Depression in Children: What is Depression?
Depression can strike a child at any age. A mood disorder, depression is characterized by a persistent sad or empty feeling, irritability, and a loss of interest in everyday activities. Unlike normal sadness or grieving, most bouts of depression last for weeks, months, or even years. A smaller number of children and adolescent suffer from bipolar disorder-bouts of depression interspersed with periods of elevated (manic) mood (bipolar disorder).
Although depression is usually not considered life-threatening, it can lead to thoughts of and attempts at suicide.
Persistent feelings of sadness, apathy, or hopelessness lasting more than two weeks.
Diminished interest in most daily activities, particularly pleasurable ones.
Decreased appetite and subsequent weight loss; increased appetite and weight gain.
Lack of sleep (insomnia ), frequent awakening throughout the night, or conversely, an increased need for sleep.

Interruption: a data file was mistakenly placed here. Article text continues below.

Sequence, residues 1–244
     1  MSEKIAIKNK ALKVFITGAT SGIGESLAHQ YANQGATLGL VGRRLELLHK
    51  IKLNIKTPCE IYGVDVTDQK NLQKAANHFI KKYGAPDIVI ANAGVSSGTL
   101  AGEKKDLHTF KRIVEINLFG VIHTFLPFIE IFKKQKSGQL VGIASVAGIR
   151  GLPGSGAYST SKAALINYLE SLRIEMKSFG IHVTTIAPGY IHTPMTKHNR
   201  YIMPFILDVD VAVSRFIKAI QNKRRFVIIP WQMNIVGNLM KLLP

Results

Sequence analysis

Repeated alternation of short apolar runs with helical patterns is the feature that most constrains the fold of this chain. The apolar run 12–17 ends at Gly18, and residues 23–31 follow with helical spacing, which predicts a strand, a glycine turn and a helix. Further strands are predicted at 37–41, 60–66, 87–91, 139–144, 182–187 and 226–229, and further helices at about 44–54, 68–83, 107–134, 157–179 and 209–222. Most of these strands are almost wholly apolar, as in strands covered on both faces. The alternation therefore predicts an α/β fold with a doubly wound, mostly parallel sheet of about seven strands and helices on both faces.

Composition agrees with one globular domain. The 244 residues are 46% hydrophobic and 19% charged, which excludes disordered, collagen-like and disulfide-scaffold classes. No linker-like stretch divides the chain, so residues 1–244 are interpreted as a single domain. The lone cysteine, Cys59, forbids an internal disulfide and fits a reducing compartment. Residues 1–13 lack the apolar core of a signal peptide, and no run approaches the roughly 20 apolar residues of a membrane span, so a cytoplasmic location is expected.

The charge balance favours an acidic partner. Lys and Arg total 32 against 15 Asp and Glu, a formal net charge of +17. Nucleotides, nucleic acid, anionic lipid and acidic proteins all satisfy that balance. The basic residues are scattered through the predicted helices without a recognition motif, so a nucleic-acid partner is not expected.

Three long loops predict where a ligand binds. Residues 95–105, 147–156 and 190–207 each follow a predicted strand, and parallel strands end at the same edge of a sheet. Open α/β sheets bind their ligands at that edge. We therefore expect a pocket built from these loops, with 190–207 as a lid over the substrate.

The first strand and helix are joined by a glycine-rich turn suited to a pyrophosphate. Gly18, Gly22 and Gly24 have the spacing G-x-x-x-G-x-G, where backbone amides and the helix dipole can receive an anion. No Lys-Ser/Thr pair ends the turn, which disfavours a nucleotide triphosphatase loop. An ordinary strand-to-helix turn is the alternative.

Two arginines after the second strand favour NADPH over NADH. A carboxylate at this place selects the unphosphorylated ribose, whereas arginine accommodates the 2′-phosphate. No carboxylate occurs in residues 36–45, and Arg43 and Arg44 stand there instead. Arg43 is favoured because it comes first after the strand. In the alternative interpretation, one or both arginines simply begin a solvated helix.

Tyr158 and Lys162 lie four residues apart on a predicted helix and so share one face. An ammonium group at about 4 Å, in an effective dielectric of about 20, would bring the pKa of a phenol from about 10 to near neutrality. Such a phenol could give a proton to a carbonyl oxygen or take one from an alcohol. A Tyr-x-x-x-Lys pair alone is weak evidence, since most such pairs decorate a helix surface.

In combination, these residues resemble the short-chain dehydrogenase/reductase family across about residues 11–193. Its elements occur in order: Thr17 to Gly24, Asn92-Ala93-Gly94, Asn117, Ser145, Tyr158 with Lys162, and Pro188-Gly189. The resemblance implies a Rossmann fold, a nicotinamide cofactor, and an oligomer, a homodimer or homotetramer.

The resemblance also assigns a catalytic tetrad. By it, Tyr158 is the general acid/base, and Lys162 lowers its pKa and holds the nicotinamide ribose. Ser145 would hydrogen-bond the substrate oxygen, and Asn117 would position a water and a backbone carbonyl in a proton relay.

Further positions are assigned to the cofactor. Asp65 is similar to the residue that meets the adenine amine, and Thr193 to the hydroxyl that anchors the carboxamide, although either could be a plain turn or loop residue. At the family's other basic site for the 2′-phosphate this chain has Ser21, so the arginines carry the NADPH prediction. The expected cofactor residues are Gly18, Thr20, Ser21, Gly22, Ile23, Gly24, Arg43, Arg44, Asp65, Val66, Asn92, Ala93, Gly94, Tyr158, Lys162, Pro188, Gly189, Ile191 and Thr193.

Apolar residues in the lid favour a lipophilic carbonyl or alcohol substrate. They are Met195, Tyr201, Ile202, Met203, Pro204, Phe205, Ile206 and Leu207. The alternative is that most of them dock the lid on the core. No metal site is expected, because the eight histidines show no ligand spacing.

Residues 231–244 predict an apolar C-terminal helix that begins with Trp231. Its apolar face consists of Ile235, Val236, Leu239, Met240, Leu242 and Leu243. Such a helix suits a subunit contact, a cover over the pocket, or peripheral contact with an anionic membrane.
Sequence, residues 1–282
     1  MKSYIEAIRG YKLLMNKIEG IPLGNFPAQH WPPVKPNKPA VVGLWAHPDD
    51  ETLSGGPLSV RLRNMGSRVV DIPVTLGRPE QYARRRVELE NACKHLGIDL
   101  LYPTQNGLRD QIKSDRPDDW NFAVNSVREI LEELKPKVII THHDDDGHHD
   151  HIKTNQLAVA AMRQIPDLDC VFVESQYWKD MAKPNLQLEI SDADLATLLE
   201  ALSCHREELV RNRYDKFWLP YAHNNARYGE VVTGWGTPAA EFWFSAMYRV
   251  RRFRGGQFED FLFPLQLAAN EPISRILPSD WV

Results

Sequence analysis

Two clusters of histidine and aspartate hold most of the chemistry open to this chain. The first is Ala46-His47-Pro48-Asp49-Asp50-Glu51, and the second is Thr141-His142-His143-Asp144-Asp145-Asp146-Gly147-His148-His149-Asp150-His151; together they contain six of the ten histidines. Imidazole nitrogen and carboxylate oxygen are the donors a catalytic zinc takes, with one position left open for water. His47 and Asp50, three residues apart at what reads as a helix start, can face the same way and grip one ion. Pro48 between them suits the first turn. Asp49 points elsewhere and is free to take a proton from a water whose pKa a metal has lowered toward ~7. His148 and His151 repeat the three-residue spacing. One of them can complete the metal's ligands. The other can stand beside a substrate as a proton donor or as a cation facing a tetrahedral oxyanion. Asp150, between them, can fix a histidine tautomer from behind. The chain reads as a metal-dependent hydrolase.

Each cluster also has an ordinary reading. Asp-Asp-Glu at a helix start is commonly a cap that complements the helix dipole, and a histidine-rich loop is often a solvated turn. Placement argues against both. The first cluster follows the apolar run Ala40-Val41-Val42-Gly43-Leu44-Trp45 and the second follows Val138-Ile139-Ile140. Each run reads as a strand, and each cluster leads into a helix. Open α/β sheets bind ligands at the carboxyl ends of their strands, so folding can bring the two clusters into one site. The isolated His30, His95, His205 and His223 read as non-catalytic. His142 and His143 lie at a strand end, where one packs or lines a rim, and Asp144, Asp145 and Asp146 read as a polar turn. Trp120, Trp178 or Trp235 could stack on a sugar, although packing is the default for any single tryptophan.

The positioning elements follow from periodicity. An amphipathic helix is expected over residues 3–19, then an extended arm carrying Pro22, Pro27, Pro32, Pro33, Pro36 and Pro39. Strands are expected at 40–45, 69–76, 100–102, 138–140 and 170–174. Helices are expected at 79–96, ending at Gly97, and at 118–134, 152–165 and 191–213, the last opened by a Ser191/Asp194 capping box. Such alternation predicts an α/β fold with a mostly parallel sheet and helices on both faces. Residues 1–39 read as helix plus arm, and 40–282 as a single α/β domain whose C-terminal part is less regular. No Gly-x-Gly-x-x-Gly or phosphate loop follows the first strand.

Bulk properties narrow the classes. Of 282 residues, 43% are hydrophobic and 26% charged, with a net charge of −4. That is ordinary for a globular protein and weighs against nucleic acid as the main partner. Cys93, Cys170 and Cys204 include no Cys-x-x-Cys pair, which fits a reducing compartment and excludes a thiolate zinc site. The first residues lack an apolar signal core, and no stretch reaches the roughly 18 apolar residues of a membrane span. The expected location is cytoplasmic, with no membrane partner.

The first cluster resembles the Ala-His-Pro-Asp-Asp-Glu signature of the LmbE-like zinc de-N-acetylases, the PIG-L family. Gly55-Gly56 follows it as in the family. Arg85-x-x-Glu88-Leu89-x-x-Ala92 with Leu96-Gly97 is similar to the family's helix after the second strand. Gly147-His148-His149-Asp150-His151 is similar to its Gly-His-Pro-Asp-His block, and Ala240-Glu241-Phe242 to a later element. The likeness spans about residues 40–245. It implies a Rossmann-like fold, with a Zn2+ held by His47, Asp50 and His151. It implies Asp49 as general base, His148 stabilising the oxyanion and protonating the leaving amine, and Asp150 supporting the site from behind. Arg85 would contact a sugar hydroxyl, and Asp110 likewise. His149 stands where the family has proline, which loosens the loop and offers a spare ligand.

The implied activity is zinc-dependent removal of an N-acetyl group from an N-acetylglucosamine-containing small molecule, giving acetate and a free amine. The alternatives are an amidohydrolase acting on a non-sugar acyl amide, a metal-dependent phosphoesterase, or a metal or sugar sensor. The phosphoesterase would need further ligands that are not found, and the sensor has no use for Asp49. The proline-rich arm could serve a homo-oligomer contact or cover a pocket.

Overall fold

Anxiety; diminished ability to think or concentrate.
Because there are no reliable laboratory tests to diagnose depression, physical examination and psychological evaluation are essential.
Expression of either of the first two symptoms of depression (see Symptoms box), in conjunction with other symptoms, for a period of two or more consecutive weeks.
A positive family history of depression or a prior depressive episode helps establish the diagnosis.
Psychotherapy is as effective as drug treatment in mild cases. Psychotherapy may also be used in conjunction with drug therapy.
Antidepressant medications, such as selective serotonin reuptake inhibitors (SSRIs), are mainstays of treatment.
Exposure to bright light, known as light therapy, may be effective, particularly when depression is related to seasonal changes (seasonal affective disorder).
In secondary depression, the underlying cause is addressed, although antidepressant therapy may also be prescribed.